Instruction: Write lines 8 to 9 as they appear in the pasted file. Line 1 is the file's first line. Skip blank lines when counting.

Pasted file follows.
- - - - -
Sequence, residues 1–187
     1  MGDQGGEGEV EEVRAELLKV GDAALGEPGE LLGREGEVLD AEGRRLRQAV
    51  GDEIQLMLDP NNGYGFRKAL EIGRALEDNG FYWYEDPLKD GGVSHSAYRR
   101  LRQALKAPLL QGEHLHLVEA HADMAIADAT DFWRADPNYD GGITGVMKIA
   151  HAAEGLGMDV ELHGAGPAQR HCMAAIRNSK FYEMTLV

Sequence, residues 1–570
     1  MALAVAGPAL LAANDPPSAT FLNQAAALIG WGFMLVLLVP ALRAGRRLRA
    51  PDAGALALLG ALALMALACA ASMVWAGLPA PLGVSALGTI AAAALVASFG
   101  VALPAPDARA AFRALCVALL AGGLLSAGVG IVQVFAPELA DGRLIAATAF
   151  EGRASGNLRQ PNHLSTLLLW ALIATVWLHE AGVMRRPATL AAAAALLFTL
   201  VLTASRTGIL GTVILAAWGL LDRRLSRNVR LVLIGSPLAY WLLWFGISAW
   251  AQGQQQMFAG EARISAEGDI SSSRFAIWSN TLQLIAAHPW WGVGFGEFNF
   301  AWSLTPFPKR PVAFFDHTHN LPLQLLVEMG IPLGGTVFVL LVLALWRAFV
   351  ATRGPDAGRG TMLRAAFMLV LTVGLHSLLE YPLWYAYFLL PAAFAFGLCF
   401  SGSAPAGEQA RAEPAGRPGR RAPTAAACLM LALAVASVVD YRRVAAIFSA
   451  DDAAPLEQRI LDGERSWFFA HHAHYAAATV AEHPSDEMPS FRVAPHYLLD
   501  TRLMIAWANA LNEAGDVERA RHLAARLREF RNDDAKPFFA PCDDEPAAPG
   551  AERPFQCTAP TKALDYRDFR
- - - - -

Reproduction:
    51  PDAGALALLG ALALMALACA ASMVWAGLPA PLGVSALGTI AAAALVASFG
   101  VALPAPDARA AFRALCVALL AGGLLSAGVG IVQVFAPELA DGRLIAATAF